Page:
This is what archaeologists use to determine the age of human-made artifacts. The half-life of carbon-14 is only 5,730 years, so carbon-14 dating is only effective on samples that are less than 50,000 years old.Dinosaur bones, on the other hand, are millions of years old -- some fossils are billions of years old.If one knows how much of this radioactive material was present initially in the object (by determining how much of the material has decayed), and one knows the half-life of the material, one can deduce the age of the object. The method was developed by Willard Libby in the late 1940s and soon became a standard tool for archaeologists.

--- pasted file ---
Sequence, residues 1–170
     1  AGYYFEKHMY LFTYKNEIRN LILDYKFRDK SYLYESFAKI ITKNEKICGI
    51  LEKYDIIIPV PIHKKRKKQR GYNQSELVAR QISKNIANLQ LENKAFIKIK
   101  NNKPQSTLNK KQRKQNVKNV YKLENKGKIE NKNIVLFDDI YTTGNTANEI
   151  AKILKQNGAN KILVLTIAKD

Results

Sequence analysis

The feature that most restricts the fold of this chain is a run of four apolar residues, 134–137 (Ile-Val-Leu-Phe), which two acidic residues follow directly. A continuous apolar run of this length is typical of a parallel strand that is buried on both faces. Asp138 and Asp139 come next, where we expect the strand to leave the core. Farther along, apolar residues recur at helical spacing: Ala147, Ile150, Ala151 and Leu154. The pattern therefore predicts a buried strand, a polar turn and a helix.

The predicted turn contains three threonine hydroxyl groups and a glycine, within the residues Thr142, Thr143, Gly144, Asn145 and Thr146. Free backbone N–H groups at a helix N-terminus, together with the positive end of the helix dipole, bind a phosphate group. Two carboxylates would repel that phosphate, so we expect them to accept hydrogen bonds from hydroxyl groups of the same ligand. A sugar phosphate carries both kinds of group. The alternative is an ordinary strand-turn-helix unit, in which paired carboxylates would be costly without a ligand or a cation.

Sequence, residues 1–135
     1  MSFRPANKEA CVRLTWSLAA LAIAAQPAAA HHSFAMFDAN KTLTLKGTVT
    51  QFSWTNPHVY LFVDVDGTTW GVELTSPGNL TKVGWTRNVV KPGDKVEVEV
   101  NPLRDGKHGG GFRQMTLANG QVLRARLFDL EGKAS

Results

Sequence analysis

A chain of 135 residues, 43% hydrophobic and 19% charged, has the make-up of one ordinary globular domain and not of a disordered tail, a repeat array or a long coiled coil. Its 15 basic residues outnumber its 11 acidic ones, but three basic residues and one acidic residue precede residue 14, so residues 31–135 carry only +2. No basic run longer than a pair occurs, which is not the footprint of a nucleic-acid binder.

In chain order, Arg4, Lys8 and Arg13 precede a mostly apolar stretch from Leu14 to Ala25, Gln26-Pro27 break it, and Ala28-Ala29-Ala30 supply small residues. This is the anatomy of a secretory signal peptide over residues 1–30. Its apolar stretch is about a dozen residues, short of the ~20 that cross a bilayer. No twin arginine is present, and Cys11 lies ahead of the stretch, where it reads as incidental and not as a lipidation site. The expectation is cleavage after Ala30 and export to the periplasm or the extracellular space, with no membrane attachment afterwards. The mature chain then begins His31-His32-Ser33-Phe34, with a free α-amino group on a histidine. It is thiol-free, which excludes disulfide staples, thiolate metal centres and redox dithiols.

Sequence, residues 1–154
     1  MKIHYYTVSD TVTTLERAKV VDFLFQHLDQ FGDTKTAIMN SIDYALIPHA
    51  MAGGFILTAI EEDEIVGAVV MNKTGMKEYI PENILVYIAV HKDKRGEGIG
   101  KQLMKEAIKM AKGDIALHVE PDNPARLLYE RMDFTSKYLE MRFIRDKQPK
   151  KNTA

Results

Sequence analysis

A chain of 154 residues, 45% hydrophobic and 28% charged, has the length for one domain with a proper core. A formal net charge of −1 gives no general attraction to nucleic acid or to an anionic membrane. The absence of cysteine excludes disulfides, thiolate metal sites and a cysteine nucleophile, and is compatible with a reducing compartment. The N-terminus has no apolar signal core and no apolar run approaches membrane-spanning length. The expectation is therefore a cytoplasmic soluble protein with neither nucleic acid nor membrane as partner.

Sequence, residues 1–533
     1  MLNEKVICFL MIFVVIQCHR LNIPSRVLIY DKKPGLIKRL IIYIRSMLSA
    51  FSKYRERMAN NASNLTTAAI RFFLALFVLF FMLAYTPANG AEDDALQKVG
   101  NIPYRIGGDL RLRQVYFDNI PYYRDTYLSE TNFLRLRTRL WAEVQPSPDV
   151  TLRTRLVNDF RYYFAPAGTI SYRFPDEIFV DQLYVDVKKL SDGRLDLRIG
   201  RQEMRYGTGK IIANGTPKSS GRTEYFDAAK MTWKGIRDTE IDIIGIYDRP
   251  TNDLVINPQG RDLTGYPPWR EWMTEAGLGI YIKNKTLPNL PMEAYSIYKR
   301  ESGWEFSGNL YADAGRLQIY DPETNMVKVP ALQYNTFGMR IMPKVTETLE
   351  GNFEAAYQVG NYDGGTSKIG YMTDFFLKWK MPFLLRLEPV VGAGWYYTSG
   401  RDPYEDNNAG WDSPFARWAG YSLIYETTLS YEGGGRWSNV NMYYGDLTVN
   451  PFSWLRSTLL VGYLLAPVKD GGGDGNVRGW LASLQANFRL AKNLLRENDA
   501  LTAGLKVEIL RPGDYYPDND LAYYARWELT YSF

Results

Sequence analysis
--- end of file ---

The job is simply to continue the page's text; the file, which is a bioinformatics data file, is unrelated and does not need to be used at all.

But this sediment doesn't typically include the necessary isotopes in measurable amounts.
Additional complications come from the burning of fossil fuels such as coal and oil, and from the above-ground nuclear tests done in the 1950s and 1960s.
The most widely known form of radiometric dating is carbon-14 dating.
The idea behind radiocarbon dating is straightforward, but years of work were required to develop the technique to the point where accurate dates could be obtained.
Research has been ongoing since the 1960s to determine what the proportion of in the atmosphere has been over the past fifty thousand years.